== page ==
When we log into our Uber app, it automatically pulls up our most recent destinations. When we visit a clothing website, we see suggested items derived from our previous purchases. When we browse camping gear online, we’re quickly served banner ads for that merchandise. When we open Google or Apple Maps, we’re offered commonly-visited destinations based on time and current location. It’s all about personalization and it all factors down to one thing — our identity.
For years, the only way digital marketers could gain access to this information was browser cookies. Initially, these cookies weren’t intended to be used as the safe storing an individual’s identity but rather to remember their preferences and offer a more personalized experience. But, as time passed, cookies quickly became the end-all-be-all for user identity on the internet.
The demise of third-party cookies
Today, many digital marketers still rely strictly on third-party cookies for all targeted advertising — using it as a tool to gather information about consumers. However, third-party cookies are maintained by parties whose consumers did not give direct permission to store their data — which is causing significant backlash as consumers become more and more conscious of their privacy. As a result, Firefox and Safari have already taken steps to block third-party cookies and other techniques that identify a user without their consent.
Google Chrome is the latest search engine giant to do the same, announcing it will disallow third-party cookie tracking within the next two years. With this recent movement from browsers, many are worried that the lack of personalization will render digital marketing less effective. Unless we as the industry do something about it, we will have one-size-fits-all advertising on a global scale.
The essential pivot digital marketers need to make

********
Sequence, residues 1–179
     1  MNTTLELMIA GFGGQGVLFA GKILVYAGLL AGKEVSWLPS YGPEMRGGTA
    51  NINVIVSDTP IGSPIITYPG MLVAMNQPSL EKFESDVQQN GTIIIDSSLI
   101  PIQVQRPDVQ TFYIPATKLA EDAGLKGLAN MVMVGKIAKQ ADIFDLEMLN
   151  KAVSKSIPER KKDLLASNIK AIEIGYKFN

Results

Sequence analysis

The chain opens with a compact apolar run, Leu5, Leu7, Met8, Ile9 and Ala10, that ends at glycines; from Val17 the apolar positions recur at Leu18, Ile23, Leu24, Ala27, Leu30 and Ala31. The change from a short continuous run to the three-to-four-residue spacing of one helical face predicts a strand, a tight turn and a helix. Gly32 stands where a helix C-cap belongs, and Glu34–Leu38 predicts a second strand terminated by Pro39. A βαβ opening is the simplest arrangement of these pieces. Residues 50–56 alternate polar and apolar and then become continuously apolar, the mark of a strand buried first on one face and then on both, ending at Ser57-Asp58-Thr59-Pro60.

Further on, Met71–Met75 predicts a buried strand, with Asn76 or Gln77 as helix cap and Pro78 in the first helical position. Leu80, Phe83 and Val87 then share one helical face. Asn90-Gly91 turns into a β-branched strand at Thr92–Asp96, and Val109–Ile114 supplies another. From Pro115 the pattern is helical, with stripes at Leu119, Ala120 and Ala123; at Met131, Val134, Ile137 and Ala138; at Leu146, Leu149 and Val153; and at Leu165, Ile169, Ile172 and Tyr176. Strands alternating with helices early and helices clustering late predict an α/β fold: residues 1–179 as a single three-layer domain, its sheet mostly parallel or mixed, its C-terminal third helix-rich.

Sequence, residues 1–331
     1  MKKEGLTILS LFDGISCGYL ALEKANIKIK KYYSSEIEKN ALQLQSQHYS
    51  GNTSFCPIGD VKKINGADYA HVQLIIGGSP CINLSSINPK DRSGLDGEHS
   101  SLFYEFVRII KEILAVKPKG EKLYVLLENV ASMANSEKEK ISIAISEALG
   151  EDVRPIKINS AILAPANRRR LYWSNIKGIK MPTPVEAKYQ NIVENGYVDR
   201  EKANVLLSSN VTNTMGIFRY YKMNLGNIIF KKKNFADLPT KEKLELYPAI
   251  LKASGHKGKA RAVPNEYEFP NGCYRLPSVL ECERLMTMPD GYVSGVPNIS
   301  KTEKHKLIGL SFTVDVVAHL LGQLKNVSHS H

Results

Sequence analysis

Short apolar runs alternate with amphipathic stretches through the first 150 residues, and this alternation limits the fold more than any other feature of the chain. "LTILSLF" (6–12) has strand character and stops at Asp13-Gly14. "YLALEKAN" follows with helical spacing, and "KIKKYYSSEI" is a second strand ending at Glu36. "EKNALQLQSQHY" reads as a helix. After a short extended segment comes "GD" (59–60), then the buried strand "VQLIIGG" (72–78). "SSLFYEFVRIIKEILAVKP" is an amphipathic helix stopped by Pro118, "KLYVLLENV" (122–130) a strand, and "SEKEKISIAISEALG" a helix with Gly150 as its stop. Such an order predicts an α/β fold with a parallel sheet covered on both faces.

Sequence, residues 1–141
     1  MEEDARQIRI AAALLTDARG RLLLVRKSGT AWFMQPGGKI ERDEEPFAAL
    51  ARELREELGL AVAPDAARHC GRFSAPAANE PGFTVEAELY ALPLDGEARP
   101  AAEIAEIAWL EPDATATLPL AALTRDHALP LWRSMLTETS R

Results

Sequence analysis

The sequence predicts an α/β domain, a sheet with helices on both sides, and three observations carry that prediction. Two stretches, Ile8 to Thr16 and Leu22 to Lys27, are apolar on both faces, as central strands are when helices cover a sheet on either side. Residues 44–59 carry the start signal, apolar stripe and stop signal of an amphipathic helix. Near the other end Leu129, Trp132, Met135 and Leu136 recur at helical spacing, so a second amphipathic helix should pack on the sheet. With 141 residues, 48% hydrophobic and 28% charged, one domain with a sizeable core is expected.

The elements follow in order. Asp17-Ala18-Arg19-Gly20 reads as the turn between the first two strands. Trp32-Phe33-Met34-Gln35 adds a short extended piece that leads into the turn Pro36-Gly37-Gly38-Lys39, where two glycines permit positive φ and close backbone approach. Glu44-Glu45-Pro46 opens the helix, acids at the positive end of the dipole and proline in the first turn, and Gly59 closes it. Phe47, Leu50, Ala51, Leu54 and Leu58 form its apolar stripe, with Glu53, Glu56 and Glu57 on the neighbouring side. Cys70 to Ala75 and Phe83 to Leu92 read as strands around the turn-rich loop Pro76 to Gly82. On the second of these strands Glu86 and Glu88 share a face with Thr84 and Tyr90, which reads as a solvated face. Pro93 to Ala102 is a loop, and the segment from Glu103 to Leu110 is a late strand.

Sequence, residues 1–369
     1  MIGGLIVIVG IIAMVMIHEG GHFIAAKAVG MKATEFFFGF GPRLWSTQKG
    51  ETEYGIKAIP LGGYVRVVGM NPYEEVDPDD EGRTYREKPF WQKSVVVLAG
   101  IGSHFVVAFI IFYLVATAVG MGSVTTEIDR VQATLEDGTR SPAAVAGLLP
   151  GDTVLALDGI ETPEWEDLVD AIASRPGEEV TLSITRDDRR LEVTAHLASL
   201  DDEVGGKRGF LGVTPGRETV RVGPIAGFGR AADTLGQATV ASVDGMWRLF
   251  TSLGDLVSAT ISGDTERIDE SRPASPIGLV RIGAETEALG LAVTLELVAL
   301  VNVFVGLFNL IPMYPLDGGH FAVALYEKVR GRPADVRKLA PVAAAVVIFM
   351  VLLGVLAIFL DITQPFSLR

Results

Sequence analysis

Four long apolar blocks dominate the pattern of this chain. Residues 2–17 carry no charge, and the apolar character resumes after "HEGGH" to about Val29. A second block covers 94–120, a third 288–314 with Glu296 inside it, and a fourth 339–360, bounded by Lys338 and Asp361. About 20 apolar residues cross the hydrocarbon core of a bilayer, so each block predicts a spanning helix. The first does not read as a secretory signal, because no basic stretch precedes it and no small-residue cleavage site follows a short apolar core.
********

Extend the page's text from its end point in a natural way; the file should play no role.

How can the digital marketing industry avoid this spiral into generality? Many brands have turned to contextual targeting — relying on factors like the weather or page context on websites to create the illusion of personalization. While this can help make their advertising more relevant to consumers, there has to be another way to establish and maintain identity in a privacy-compliant manner. Although they’re becoming more conscious of their privacy, consumers still desire to engage with brands through relevant, personalized communication. After all, “personalization” emerged as the 2019 word of the year according to the Association of National Advertisers’ survey of the world’s largest brand marketers.
How can marketers balance the juxtaposition between personalization and privacy?
- First-party domain and first-party cookie-based identity: While recent focus has narrowed on third-party cookies, not all cookies should be deemed “inedible.” First-party cookies can be used by a brand to store user data in order to personalize ads or content based on consumer consent. This data collection method does not require the consumer to identify themselves through personally identifiable information; rather, it assigns an anonymous ID to create tailored ads and content.
- User login-based identity: Through a strategy deemed “people-based marketing,” brands can identify consumers across multiple devices and channels through various sites and applications they log into. Because it requires a consumer to personally identify themself, this strategy requires consumer consent in order to remain compliant in sharing their identity and data with third-parties. Once consumers grant their consent, various brands are able to use that piece of personally identifiable information to track consumers on sites they are logged into. People-based marketing also demands cooperation from a large number of sites in order to scale.
One important factor holds true for both approaches: ensure consumer data privacy through consent. Any data shared by the consumer needs to be used strictly for that purpose and should only be shared with third parties with consent. With new privacy regulations like GDPR and CCPA, consumers should not be identified and tied to their data through personally identifiable information without consent.
As brands are forced into taking consumer privacy more seriously through regulations like CCPA and GDPR and a move toward cookieless browsers, there’s a growing fear among digital marketers about how to adjust their strategies to stay relevant to their target audiences. By embracing the new era of consumer data control, brands can confidently use consented data to provide a more personalized consumer experience at scale.
This article was first published by Martech Zone